The Welter of the Internet #1: Bloggorhea and the writer
August 18, 2009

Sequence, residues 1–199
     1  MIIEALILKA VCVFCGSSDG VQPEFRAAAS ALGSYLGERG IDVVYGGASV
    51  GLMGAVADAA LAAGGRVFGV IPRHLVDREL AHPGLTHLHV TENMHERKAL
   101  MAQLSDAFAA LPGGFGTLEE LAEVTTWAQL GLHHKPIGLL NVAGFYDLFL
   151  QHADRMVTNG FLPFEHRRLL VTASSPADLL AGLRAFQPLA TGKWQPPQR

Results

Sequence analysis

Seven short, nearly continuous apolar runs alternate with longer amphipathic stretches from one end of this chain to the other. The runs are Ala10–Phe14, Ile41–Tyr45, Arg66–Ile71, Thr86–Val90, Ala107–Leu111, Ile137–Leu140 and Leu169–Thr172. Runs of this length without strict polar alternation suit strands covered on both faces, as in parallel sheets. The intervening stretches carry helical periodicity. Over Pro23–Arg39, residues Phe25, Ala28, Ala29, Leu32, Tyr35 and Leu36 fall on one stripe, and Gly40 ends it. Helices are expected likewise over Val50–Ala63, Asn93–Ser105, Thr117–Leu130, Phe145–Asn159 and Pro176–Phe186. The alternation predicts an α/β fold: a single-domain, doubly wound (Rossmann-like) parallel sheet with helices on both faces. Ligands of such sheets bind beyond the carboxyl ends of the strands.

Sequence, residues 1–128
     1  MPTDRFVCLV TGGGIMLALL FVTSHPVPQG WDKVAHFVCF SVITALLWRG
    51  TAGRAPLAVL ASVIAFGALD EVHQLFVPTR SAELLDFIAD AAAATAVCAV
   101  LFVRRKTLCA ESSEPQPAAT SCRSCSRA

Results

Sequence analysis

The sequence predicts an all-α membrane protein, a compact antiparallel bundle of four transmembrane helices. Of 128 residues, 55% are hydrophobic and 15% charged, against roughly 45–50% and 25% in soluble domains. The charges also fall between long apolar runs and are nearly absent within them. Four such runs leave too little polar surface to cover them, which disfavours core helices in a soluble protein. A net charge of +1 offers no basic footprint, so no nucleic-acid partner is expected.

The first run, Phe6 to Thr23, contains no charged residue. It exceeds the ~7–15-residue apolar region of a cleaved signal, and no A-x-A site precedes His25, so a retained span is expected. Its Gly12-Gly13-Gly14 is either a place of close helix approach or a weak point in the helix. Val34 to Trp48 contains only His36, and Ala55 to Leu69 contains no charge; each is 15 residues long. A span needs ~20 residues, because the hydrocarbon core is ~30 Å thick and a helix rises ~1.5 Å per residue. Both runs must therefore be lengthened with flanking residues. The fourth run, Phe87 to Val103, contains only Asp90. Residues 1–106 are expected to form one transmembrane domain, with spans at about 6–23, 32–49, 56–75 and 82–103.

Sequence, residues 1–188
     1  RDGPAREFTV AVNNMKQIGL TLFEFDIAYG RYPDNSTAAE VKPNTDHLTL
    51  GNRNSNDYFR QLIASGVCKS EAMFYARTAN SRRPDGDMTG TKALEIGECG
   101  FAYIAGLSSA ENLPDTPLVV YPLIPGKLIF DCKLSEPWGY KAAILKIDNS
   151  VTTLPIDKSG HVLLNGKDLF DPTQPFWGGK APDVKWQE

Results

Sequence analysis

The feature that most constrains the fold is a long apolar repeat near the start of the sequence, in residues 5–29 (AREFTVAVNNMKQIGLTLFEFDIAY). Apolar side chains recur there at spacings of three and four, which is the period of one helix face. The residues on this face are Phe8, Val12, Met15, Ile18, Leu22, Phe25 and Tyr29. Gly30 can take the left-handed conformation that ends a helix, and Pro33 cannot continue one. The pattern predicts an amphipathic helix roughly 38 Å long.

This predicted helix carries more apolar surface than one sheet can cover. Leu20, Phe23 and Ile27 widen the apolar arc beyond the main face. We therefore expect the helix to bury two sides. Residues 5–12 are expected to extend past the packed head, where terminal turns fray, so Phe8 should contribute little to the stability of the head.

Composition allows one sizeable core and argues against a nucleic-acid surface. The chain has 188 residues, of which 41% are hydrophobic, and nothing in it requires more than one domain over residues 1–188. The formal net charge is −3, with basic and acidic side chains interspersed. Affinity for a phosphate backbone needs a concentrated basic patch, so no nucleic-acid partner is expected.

I have a confession to make: I follow very few blogs closely anymore.I mean, I look at some occasionally. I click on links that people send me and read swell interviews, or industry news, or just look at Strange Things that make me laugh aloud. I do that. But the dedicated daily reading of the blogs in my RSS feed reader? Not so much.I used to follow something like sixty blogs via my blog reader. I would quickly catch up on Read Roger, Maud Newton, Galleycat, Alice's CWIM blog, Fuse #8, and other publishing focused blogs, sure, but ... Do I really need to catch up on the Sartorialist? (Probably not, even though I love looking at the pictures of well-dressed people on the street.) And the Daily Howler and other political wonk blogs? Or the many awesome blogs about design? Or the hilarious Goths in Hot Weather? Or blogs by my clients and friends or about copyright theft or even just the tremendous Boing Boing or—well, you get the picture. Whenever I open my RSS reader, I end up reading much more than just the obligatory industry blogs. Because while I enjoy keeping up with book business scuttlebutt, I enjoy even more other people's playgrounds. You learn such weird things there!Skimming all of that takes time. Even boiling them down to a dozen or so, the reading of my blogroll still took too much time. So I've slacked.But does this mean that writers out there—new or established—should share my digital anomie? Should throw up their virtual hands and head to the beach? Of course not. It may be hard to keep tabs on this modern world, but keeping yourself involved in it is another thing entirely. We don't want to mistake one thing (who has time to read all of that?) with another (who is going to read my rantings?).I'm not sure what, in the end, my point is here, except to say that (a) yes, the blogosphere can be exhausting; and (b) I still think we should dive right in.Readers and editors and industry big mouths and, yes, even agents, want to be able to find you, to learn more, to ask you about that book you've written. Internet fatigue or no, it is where we turn first when we have a question about anything. Even if you can't follow all the blogs you'd like to, shouldn't you try to contribute a verse? Isn't the idea that sooner or later, someone may want to listen? Do you all feel that without immediate rewards for blogging that it isn't worthwhile?